The job of political journalists is not only to report on Washington, but to discern which way the political winds are blowing. It’s not an easy gig, what with competing, self-interested leaks coming fast and furious from members of Congress, their flacks, and White House staffers with all the skill and underhanded cunning that got them to the capital in the first place.
Those political winds can swirl unpredictably, scattering reporters and pundits to the four corners, producing wildly different accounts of what’s really happening behind closed doors — or a clutch of stories that read exactly the same because to hunt with the journalistic pack is often much safer than to stalk the political wilds alone.
We’ve seen both cases in evidence over the past week or two in the media’s coverage of Dick Cheney. Yesterday, the Washington Post’s Michael Abromowitz wrote a piece whose headline, in a way, misstated the conclusions of the piece that followed it. The hed read, “Cheney’s Influence Lessens in Second Term,” but what Abromowitz wrote is not quite so cut and dried: “There is no evidence that Cheney’s close relationship with Bush has been lessened. But there is also little doubt that the causes he has championed…are being rethought within the Bush administration, according to officials inside the government and experts outside it.” Later, he noted that “Figuring out how much influence Cheney has is a longtime Washington parlor game — but the answer is ultimately unknowable, given that almost all of his advice is offered privately, and both the president and his No. 2 zealously guard the details.”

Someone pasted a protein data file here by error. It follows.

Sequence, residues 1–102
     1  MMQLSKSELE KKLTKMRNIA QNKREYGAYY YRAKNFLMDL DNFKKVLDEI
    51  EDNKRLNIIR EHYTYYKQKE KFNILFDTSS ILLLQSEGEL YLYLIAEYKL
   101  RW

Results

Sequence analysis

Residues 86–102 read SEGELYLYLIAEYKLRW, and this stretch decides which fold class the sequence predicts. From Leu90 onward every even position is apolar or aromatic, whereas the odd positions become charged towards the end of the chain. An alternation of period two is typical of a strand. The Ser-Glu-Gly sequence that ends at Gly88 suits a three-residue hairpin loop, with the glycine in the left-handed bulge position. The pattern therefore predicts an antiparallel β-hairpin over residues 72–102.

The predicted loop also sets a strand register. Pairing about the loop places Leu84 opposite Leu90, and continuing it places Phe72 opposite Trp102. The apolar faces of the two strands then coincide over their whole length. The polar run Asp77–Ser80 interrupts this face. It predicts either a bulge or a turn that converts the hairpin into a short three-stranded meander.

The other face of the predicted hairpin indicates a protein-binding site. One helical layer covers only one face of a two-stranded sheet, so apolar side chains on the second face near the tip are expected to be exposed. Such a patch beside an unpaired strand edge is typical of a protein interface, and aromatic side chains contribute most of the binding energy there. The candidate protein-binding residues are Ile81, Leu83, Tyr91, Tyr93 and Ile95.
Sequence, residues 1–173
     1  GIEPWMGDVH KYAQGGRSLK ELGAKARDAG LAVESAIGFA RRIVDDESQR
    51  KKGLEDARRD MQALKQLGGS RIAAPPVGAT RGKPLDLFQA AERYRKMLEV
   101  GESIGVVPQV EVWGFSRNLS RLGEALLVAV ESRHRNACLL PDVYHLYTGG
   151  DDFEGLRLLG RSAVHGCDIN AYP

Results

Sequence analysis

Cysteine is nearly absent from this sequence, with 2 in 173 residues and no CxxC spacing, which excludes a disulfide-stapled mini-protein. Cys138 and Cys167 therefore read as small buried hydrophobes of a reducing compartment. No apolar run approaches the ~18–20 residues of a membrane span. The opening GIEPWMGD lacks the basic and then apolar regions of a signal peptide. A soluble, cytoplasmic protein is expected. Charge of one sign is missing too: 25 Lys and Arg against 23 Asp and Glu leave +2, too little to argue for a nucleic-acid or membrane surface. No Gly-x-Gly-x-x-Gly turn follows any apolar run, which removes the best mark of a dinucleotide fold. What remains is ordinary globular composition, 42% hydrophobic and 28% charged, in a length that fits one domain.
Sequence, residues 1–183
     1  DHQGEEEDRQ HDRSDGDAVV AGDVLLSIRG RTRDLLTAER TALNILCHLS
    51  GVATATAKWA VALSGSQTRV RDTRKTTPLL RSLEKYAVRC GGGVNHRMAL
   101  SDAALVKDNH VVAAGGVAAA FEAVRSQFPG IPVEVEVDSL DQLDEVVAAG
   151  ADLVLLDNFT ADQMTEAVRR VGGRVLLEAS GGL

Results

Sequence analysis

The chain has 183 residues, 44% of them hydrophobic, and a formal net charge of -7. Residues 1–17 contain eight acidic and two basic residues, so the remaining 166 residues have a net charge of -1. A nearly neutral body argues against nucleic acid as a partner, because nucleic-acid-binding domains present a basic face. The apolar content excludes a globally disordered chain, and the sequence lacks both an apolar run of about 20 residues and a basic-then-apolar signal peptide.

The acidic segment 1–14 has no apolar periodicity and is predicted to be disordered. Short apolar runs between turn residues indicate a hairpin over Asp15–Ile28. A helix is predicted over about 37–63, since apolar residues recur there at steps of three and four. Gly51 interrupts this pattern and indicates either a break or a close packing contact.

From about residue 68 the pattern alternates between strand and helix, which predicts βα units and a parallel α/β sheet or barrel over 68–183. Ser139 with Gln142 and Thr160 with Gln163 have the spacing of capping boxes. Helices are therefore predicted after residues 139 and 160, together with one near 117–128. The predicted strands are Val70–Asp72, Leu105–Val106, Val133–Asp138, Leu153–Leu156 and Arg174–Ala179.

Doesn’t quite pack the punch the headline advertised, does it? But it represents a truer picture of the situation than the assertive headline was willing to. The larger point here is the “longtime Washington parlor game” of trying to figure out how much power Cheney wields has produced a bunch of stories over the last week that essentially echo one another.
On February 9, the Post’s Peter Baker wrote that “Cheney’s influence within the White House, though still potent, has clearly diminished,” and that “according to some in the administration, the Cheney mystique within the White House has faded.”
At the Los Angeles Times, reporters Maura Reynolds and James Gerstenzang wrote on Saturday that there is “speculation” inside the Beltway that Cheney “has become a spent force,” although “the ultimate source of Cheney’s influence, his seemingly unique relationship with President Bush, shows no visible sign of change.”
But every coin has two sides, and a group of reporters at other papers see things differently.
On February 12, the Wall Street Journal’s Yochi J. Dreazen penned an article claiming that “Cheney’s diminished popularity outside the White House hasn’t affected his power within the Bush administration, where he continues to hold considerable clout.”
Similarly, this past Saturday the Chicago Tribune’s Mark Silva weighed in that the vice president “has not lost his influence with President Bush,” and “he has retained his stature within the administration.”
Add the Washington Post’s David Ignatius’ column into the mix, and it’s anyone’s guess what’s actually going on with Cheney and his influence. Ignatius wrote on Saturday that “There’s a sense that Cheney’s influence is on the rise again, at least with Iraq policy, but that’s after many months in which his allies say his role was diminished…This month’s change in Iraq policy…may have marked a return of Cheney’s influence.”
All these stories about the vice president recall nothing if not a piece last September, when the New York Times’ David E. Sanger and Eric Schmitt essentiallywrote the piece that everyone else seems to be rewriting now. The duo spent five months interviewing people for their piece, which chronicled “a vice president who, while still influential, has seen his power wane.”
Seeing as that piece was written over five months ago, and we’ve seen these hand-wringing articles about “is Cheney out? Is Cheney in?” pop up sporadically since the 2004 election, we’re inclined to agree with Abromowitz and say that for now at least, the answer is unknowable, no matter how many reporters jump on the bandwagon — on either side of the debate.
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